New gear resolution
Media file support and management is identical to the 43, so rather than repeat myself let me just say you can play most video, audio and image files known to civilised man, with video resolutions supported up to 720p. You can find exact details of codec and file on Archos' web site. Like the 43, the 101 is a fine media player.
Instal Flash and view the BBC iPlayer
Virtual keyboard is large enough for e-mails to far flung foxes
The gaming experience isn't bad either
Out of the box the 101 lacks both Google account sign-in and the Android Market. However, an installer has already been cooked up by some bright spark over at Archos Fans, which gives you full sign-in access to your Google account, Google apps and the Market, including paid-for applications like the full Documents To Go. Download Flash 10.1 from the Market and BBC's iPlayer will run at full screen in a web browser without a hitch.
Next page: Power user?
Archos has given with one hand and taken with the other
"...because there is no rear facing camera."
To be fair here... Who would want to ever use a thing this big as a camera? don't we all have phones that do the camera thing already..
Im guessing you could say that its not a phone either.. but same as above...
The CDD needs it
Archos runs afoul of Google's compatible device document (CDD). In 2.2, there are a lot of things a device MUST implement to be compliant with the CDD - GPS, compass, 3.2mp camera etc. By not including these things, the 101 fails the CDD and therefore doesn't ship with the Marketplace app. That's why it has appslib instead.
Who can blame Archos for jetissoning these features anyway? This thing is meant to be a media player not a giant phone but the price they pay is no official support by marketplace and that must impact on sales.
Android 2.3 apparently loosens the CDD up a bit, so perhaps if a firmware update appeared that used 2.3, the device would actually be compatible. I hope that the CDD for Android 3.0 is also more realistic of what tablets should and should not implement. A tablet primarily used for PMP or ereading should not have to be burdened with a bunch of crap which adds to the price of the hardware. I don't suppose the 101 will ever be an Android 3.0 compliant device, but perhaps its successor will be.
The real thing I see from the Archos 101 is the obvious fact that tablets do not have to be anywhere as expensive as the iPad to be functional. There were so many tablets announced at CES 2011 that there are going to be some very affordable and attractive devices coming this year. I hope Apple is going to discount the iPad (when iPad 2 turns up) otherwise it will get steamrollered otherwise by cheaper competitors.
"...the only tablet now on sale that I would actually spend my own hard-earned on."
Yep, for the first time since these new-gen tablet things started coming out I'm actually quite tempted to tot up my pennies and purchase. I think I may just hang about to see how Honeycomb looks (and costs) before I actually take the plunge, though.
Not even tempted by the iPad. Have played with colleagues' pads and, while slick, they're awful shallow...
3.0 *requires* dual-core?
When did 3.0 change from being "adds support for dual-core devices, but will still run on single-core devices" to "requires dual-core, don't even think about trying to run it on a single-core or we'll point at you and laugh at your stupidity when your device throws an error screen halfway through the boot process"?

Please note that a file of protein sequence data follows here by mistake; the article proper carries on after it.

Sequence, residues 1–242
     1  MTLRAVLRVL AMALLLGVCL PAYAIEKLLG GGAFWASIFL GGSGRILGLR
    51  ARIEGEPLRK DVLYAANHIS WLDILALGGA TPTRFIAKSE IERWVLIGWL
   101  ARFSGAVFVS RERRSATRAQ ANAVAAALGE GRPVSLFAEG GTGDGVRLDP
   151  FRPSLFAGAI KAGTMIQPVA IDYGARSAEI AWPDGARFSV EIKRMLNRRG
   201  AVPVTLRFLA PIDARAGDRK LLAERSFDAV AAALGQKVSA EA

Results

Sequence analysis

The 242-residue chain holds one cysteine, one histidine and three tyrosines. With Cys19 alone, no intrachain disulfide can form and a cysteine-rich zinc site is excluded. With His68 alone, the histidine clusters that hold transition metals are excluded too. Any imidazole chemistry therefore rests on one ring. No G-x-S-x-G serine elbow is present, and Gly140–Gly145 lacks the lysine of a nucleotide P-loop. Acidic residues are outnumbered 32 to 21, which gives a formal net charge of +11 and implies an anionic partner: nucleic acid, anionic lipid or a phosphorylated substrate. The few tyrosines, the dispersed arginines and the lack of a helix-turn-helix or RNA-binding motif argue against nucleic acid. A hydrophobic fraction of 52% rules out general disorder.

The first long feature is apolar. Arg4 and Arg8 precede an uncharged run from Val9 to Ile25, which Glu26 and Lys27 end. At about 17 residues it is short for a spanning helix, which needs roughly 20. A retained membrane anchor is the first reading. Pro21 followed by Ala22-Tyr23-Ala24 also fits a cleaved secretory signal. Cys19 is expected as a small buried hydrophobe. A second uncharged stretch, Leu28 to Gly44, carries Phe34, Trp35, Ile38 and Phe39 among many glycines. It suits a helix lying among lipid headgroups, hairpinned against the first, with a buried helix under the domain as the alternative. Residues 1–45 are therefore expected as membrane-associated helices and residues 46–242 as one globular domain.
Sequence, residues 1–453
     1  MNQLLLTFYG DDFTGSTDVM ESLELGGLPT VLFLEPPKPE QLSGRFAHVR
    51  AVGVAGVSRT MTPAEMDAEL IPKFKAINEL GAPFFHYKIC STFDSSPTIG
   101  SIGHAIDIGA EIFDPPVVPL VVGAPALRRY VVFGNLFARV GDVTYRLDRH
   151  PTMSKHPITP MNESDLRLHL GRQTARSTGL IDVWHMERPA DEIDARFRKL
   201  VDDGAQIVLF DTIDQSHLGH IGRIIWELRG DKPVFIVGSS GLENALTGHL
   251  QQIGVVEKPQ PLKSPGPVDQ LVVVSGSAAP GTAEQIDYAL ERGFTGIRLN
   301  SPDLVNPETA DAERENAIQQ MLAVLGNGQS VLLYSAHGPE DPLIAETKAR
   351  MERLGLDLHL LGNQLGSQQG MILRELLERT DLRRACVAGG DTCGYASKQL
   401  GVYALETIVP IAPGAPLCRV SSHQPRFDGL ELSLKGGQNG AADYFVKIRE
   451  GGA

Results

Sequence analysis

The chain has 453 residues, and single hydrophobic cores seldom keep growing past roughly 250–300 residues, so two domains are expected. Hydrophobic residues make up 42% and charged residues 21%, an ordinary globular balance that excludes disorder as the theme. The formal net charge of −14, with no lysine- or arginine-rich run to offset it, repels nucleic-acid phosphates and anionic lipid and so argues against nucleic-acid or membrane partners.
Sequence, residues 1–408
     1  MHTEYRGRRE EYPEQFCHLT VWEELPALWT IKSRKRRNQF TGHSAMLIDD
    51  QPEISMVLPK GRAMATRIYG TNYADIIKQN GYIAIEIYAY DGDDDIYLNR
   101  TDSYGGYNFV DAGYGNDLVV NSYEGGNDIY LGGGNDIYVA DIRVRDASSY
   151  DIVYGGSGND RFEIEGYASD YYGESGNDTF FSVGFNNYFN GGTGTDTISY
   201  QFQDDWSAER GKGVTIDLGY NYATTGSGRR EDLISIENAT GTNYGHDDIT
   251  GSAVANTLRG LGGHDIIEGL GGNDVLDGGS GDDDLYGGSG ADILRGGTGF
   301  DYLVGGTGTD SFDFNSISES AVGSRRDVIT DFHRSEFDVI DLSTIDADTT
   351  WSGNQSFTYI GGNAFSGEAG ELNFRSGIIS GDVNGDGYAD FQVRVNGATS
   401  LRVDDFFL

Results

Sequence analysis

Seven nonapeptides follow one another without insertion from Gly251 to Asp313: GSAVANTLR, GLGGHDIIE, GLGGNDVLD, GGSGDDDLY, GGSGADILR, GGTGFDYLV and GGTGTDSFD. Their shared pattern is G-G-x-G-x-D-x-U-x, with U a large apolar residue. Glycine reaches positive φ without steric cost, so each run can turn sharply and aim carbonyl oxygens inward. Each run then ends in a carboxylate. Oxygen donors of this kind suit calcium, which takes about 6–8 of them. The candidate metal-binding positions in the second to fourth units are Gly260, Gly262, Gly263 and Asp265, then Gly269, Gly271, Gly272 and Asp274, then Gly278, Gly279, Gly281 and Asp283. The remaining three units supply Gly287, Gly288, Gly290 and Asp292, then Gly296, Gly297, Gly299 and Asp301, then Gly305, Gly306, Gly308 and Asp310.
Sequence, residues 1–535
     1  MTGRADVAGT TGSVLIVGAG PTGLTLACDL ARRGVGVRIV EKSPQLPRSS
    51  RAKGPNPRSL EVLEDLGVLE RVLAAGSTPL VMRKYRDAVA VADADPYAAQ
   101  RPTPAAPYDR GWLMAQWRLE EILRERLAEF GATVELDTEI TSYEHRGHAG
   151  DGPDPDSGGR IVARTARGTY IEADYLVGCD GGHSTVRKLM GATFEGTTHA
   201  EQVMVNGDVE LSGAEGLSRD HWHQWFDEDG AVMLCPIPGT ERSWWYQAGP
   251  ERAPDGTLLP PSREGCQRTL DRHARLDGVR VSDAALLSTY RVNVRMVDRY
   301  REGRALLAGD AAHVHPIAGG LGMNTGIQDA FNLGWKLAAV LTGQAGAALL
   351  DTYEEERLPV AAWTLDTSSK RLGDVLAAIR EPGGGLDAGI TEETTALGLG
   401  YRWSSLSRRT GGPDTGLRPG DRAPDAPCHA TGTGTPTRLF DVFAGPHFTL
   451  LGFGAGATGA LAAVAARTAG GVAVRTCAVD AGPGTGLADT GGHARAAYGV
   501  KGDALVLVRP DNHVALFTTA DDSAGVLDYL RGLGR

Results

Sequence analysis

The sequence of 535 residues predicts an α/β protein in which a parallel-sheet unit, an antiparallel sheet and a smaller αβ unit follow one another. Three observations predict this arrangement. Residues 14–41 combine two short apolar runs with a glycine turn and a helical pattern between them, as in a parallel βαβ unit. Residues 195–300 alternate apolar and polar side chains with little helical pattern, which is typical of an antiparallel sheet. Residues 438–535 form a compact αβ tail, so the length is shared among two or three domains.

iTunes is one of those Marmite apps...
...you either love it or hate it. As one of those people who fall into the latter category, I think the problems iTunes has are threefold
Firstly, and for absolutely no reason that anyone has yet managed to figure out, on some PCs iTunes runs like a dog. Who isn't feeling too well. Attempting to drag a sled loaded down with several tons of lead. Up a steep slope. Into a headwind. Meanwhile, on other, apparently identical-spec PCs (and even on PCs who's spec is so utterly crap it's a miracle they can even boot up Windows let alone any apps as well) it runs like a dog. Who wins every race it's entered into. By a country mile. Even into a headwind...
Secondly, iTunes is one of the least Windows-like app the average Windows user is ever likely to encounter. Apple have made the square root of zero effort to Windowsify the way iTunes looks, feels, behaves and, perhaps most importantly, expects the user to behave. When discussing the pros and cons of iTunes elsewhere, a common trend seems to be that Mac users generally like it partly because it doesn't seem to suffer the same random performance issues noted above for the Windows version, but mostly because it looks and feels like the other apps they're used to. On the other hand, Windows users generally don't like it, partly because of the aforementioned performance issues, but equally because it can be a right pain in the arse to use unless you're willing to forget pretty much everything you've learned about how apps work.
Thirdly, with every release, the minimum amount of crud required for a successful iTunes installation continues to grow, and grow, and grow. And then expand just a little bit more after you think it's finished and couldn't possibly get any larger. If all I want to do is dump MP3s onto my iPod and update its firmware once in a while, why in blue blazes do I need to have all this extra crap installed either as a requirement or as a "even though you don't really need to install this, we'll just tick the box by default so you end up installing it anyway unless you remember to untick it" annoyance? Bonjour? Sod off.